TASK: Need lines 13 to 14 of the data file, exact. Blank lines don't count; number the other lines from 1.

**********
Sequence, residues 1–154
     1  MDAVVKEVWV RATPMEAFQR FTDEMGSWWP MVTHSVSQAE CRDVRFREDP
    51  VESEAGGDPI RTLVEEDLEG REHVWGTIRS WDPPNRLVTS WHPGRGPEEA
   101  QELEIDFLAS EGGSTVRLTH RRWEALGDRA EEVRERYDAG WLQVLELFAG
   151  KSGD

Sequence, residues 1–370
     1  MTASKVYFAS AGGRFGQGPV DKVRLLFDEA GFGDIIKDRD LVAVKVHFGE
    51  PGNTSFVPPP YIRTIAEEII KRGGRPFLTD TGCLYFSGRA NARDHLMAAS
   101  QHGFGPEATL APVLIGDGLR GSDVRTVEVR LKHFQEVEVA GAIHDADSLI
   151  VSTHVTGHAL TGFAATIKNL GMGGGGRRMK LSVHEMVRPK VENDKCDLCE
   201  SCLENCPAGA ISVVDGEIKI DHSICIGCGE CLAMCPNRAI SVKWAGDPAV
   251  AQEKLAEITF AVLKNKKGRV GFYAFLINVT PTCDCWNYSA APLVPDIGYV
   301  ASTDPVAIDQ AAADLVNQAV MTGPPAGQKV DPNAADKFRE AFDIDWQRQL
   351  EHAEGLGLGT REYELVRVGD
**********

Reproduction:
   301  ASTDPVAIDQ AAADLVNQAV MTGPPAGQKV DPNAADKFRE AFDIDWQRQL
   351  EHAEGLGLGT REYELVRVGD